Dec 20, 2011, 12:29 PM
Post #1 of 12
Hello. I am a relatively new camera jumper as of May and have been doing 4 - 16 way video. I know I need to get closer and more over top of the group but I feel there is this invisible wall which keeps me from attempting it because I do not want to get burbled out or possibly get into the kill zone. Getting there really is not the issue... it's a mental block of being afraid of taking out the group or worse. Any tips or suggestions of ways I can slowly work to improve on this?
directly over the top isn't the best place to be for not only safety reasons, but for the difficulty of shooting video. The more over the top you are the more you need to tuck your chin down to keep them properly framed. During blocks its pretty easy for a flyer or a piece to shoot under you taking them out of frame. When it looks like a camera flyer is directly over the top they usually aren't. At most usually their finger tips are just inside the burble.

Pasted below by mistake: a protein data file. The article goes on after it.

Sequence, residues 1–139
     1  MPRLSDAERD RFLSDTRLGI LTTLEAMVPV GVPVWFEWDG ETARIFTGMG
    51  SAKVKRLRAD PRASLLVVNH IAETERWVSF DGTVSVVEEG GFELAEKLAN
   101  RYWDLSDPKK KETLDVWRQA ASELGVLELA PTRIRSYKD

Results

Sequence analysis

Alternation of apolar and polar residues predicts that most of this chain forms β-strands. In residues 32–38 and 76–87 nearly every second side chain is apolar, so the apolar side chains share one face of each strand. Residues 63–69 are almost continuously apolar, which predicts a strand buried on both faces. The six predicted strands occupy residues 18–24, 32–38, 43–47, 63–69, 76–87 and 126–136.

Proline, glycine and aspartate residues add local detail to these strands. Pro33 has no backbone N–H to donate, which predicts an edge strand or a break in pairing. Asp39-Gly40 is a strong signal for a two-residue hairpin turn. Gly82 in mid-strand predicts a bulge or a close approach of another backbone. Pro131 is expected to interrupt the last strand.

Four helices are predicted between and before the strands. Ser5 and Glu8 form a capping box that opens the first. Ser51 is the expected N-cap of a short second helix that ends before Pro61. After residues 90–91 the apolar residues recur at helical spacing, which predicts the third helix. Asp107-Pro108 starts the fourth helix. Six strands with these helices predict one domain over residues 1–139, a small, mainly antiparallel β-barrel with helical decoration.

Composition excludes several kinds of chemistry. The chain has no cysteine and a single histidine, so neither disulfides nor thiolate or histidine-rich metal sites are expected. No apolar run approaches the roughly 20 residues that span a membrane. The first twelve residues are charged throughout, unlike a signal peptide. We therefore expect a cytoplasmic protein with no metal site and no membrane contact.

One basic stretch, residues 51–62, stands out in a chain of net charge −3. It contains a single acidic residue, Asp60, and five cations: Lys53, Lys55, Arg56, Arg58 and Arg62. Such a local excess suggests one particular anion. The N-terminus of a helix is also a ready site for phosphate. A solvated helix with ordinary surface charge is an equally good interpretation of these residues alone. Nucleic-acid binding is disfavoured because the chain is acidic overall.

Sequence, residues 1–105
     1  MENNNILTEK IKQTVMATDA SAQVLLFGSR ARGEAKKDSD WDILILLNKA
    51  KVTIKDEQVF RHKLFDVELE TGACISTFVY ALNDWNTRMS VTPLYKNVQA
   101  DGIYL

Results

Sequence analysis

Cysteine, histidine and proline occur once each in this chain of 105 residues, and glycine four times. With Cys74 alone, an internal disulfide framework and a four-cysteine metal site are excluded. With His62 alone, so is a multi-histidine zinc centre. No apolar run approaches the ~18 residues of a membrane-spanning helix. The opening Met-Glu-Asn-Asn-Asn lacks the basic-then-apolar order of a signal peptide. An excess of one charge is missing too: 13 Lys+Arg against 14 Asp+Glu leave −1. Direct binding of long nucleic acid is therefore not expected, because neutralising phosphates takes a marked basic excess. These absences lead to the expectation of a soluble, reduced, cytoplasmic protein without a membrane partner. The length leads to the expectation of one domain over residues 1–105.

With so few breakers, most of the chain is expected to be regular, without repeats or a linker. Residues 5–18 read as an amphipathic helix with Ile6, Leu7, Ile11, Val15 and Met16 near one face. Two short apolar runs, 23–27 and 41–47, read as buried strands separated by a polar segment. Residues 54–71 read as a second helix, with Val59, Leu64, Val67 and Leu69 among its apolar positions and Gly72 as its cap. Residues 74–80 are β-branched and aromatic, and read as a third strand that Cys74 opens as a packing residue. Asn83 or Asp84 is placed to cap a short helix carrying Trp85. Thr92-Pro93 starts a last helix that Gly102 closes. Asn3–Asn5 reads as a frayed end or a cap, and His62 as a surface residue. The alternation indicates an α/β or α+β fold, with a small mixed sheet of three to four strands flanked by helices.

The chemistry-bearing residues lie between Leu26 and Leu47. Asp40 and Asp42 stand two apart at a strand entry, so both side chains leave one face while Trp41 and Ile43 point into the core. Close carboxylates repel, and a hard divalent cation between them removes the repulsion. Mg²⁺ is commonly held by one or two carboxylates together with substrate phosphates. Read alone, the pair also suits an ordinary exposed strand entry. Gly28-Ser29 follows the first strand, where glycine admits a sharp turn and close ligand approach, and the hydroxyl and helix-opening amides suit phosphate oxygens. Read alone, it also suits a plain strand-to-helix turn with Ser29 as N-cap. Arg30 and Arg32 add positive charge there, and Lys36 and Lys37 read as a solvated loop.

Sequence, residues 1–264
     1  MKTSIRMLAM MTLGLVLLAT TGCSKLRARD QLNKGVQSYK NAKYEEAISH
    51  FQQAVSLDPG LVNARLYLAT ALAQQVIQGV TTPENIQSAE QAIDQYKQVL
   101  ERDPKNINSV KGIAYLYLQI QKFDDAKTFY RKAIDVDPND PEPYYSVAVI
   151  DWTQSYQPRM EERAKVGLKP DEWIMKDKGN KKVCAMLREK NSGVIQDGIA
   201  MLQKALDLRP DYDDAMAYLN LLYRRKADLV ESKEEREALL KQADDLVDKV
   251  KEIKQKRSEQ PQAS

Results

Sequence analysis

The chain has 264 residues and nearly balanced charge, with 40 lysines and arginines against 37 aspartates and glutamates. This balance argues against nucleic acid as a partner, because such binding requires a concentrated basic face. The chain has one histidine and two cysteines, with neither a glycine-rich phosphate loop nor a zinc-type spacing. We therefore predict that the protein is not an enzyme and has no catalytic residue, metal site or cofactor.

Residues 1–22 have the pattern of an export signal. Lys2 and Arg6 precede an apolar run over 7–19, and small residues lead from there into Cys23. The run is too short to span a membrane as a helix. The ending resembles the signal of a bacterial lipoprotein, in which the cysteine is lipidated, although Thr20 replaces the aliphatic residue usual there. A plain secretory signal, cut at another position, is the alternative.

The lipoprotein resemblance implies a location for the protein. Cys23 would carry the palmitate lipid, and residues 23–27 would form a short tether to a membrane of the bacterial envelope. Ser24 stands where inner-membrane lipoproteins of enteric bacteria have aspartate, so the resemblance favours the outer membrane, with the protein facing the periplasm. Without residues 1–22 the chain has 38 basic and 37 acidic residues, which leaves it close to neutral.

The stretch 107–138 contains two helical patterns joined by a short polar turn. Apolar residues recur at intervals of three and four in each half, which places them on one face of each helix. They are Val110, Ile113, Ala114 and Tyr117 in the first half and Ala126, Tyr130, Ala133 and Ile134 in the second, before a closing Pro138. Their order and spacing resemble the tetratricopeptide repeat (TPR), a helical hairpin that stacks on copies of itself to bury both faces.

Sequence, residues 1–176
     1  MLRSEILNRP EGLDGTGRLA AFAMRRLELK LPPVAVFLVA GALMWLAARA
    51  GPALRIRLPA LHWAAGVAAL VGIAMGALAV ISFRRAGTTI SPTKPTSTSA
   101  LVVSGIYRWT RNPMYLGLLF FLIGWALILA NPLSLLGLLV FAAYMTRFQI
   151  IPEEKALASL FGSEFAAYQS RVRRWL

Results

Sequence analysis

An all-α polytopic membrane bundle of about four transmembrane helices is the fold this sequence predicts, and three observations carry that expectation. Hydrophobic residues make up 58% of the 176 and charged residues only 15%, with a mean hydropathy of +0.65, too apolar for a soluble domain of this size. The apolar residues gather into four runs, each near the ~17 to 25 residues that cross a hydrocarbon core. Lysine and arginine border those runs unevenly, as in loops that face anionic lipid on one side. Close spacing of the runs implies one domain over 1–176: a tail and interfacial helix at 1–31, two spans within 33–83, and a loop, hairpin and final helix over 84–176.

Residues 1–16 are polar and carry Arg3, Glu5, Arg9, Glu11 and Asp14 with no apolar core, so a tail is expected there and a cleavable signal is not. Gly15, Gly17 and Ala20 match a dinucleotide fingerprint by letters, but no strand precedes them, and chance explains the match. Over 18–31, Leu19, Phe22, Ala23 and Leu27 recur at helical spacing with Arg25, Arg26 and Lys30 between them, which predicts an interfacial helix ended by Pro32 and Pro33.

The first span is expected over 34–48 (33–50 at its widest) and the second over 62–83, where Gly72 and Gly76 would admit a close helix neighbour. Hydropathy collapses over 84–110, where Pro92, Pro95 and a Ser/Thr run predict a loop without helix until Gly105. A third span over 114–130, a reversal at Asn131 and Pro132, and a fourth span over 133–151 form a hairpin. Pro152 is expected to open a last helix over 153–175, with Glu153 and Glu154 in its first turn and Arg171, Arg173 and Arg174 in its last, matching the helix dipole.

As for that invisible wall, my suggestion is to go ahead and fall through it a few times. Only way you will ever know where it is and how to avoid/get out of it. Main thing is to KEEP FLYING when it happens. Just because you fall through the burble doesn't mean you have to land on them. Using your wings (which you should be flying) and you legs its pretty easy to fly through the burble from one side to the other. If you are going to land on them I would highly suggest keep flying as large as possible till the last possible second, and try to push off of them before your body makes contact. Ideally pushing off of their rig is a lot better than landing on a neck (Seen it before in a comp. not pretty).